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Gait Posture. 2014;40(1):94-100. doi: 10.1016/j.gaitpost.2014.02.016. Epub 2014 Mar 10.

Comparison of quasi-static and dynamic squats: a three-dimensional kinematic, kinetic and electromyographic study of the lower limbs.

Author information

1
École de technologie supérieure (ÉTS), Montréal, QC, Canada; Laboratoire de recherche en Imagerie et Orthopédie, Centre de recherche du Centre hospitalier de l'Université de Montréal (CRCHUM), Hôpital Notre-Dame, Montréal, QC, Canada. Electronic address: clement.julien.24@gmail.com.
2
École de technologie supérieure (ÉTS), Montréal, QC, Canada; Laboratoire de recherche en Imagerie et Orthopédie, Centre de recherche du Centre hospitalier de l'Université de Montréal (CRCHUM), Hôpital Notre-Dame, Montréal, QC, Canada. Electronic address: nicola.hagemeister@etsmtl.ca.
3
École de technologie supérieure (ÉTS), Montréal, QC, Canada; Laboratoire de recherche en Imagerie et Orthopédie, Centre de recherche du Centre hospitalier de l'Université de Montréal (CRCHUM), Hôpital Notre-Dame, Montréal, QC, Canada. Electronic address: rachid.aissaoui@etsmtl.ca.
4
École de technologie supérieure (ÉTS), Montréal, QC, Canada; Laboratoire de recherche en Imagerie et Orthopédie, Centre de recherche du Centre hospitalier de l'Université de Montréal (CRCHUM), Hôpital Notre-Dame, Montréal, QC, Canada. Electronic address: jacques.deguise@etsmtl.ca.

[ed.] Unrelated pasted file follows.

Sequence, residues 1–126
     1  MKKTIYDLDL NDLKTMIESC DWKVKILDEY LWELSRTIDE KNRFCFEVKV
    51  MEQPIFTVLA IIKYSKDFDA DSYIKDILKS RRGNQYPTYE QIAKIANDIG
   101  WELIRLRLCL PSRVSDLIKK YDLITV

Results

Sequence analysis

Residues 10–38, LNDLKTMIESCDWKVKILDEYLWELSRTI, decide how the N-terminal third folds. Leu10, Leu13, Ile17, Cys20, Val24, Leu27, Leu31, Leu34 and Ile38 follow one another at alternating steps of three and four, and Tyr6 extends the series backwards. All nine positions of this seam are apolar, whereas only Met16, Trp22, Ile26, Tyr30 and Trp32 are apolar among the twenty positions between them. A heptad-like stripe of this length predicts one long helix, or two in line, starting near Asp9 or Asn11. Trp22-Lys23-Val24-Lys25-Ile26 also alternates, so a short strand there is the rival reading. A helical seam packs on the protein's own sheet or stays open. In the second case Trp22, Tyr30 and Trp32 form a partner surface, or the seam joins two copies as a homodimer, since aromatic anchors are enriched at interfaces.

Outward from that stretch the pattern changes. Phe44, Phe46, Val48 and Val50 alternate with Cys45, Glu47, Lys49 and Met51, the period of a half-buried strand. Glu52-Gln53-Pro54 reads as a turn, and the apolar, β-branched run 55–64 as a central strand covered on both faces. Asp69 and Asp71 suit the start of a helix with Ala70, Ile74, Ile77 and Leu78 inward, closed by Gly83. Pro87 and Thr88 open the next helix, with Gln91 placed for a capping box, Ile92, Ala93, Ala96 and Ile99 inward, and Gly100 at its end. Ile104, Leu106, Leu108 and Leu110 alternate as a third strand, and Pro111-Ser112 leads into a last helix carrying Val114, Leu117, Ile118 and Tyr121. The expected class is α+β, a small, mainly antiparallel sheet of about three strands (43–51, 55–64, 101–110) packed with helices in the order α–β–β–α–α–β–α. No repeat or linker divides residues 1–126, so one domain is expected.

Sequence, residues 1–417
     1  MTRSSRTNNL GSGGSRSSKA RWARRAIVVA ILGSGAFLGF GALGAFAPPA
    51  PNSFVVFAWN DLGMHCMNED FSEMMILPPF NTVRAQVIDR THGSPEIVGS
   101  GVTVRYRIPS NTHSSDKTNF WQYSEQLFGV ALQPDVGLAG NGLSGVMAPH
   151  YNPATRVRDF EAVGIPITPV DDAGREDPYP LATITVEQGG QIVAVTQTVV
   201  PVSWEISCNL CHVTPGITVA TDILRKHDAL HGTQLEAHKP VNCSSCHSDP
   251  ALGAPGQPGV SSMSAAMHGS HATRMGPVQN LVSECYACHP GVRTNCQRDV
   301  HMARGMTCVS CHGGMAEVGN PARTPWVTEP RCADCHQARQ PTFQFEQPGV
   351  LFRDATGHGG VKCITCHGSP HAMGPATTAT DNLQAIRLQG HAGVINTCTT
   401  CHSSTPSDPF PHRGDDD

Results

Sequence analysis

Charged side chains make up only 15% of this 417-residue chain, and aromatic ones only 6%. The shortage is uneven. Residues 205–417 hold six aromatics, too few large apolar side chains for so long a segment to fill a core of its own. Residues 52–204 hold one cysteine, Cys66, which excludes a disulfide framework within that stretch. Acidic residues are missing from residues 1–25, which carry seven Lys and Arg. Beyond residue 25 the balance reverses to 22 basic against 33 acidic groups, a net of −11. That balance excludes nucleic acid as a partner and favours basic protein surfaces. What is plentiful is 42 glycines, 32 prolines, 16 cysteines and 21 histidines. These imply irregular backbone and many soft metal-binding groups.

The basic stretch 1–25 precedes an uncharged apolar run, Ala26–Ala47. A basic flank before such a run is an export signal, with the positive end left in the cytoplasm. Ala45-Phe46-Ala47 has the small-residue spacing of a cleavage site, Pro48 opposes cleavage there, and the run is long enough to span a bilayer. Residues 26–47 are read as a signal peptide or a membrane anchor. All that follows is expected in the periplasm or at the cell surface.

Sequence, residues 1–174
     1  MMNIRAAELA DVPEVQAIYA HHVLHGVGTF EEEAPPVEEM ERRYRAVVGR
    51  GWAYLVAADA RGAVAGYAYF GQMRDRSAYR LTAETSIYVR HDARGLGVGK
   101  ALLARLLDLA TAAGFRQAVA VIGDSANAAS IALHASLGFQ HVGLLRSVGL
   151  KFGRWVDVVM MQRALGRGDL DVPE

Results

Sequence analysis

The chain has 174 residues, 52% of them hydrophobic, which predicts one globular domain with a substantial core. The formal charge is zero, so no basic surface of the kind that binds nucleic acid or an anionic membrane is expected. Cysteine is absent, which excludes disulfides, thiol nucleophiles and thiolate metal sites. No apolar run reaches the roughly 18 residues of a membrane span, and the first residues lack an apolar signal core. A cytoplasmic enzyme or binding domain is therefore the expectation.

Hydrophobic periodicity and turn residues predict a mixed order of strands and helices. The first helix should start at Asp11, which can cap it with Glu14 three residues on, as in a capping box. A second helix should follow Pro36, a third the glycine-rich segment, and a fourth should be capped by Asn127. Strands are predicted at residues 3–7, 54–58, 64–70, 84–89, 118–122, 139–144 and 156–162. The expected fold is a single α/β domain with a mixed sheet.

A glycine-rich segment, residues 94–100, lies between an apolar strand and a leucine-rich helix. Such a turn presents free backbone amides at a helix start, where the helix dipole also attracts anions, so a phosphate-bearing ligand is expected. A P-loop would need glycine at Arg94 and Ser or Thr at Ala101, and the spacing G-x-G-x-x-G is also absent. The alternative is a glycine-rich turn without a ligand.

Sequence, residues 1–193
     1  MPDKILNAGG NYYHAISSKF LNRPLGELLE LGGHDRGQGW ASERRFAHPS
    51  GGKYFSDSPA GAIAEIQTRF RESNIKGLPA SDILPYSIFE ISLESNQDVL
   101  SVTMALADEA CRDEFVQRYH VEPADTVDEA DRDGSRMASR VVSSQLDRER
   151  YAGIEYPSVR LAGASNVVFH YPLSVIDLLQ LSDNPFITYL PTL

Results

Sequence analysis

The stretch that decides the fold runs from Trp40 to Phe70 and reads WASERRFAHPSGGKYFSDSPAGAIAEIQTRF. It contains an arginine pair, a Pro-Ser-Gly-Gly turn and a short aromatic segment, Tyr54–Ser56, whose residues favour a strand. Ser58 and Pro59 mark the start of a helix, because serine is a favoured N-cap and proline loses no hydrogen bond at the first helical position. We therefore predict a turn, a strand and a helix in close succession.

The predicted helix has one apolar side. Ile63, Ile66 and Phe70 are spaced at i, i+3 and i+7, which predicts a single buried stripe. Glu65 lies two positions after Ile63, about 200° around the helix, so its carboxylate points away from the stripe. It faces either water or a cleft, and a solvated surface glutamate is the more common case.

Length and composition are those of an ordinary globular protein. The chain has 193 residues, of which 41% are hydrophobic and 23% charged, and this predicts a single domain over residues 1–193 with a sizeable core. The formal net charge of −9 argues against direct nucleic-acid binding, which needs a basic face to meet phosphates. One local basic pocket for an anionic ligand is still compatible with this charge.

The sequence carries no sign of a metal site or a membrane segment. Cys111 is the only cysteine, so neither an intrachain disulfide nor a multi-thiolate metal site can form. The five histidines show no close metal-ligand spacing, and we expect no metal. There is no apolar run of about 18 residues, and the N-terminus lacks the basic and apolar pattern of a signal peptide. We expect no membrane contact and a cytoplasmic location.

Abstract

Numerous studies have described 3D kinematics, 3D kinetics and electromyography (EMG) of the lower limbs during quasi-static or dynamic squatting activities. One study compared these two squatting conditions but only at low speed on healthy subjects, and provided no information on kinetics and EMG of the lower limbs. The purpose of the present study was to contrast simultaneous recordings of 3D kinematics, 3D kinetics and EMG of the lower limbs during quasi-stat ic and fast-dynamic squats in healthy and pathological subjects. Ten subjects were recruited: five healthy and five osteoarthritis subjects. A motion-capture system, force plate, and surface electrodes respectively recorded 3D kinematics, 3D kinetics and EMG of the lower limbs. Each subject performed a quasi-static squat and several fast-dynamic squats from 0° to 70° of knee flexion. The two squatting conditions were compared for positions where quasi-static and fast-dynamic knee flexion-extension angles were similar. Mean differences between quasi-static and fast-dynamic squats were 1.5° for rotations, 1.9 mm for translations, 2.1% of subjects' body weight for ground reaction forces, 6.6 Nm for torques, 11.2 mm for center of pressure, and 6.3% of maximum fast-dynamic electromyographic activities for EMG. Some significant differences (p<0.05) were found in internal rotation, anterior translation, vertical force and EMG. All differences between quasi-static and fast-dynamic squats were small. 69.5% of compared data were equivalent. In conclusion, this study showed that quasi-static and fast-dynamic squatting activities are comparable in terms of 3D kinematics, 3D kinetics and EMG, although some reservations still remain.

KEYWORDS:

Electromyography; Kinematics; Kinetics; Knee; Squatting

PMID:
24656716
DOI:
10.1016/j.gaitpost.2014.02.016
[Indexed for MEDLINE]

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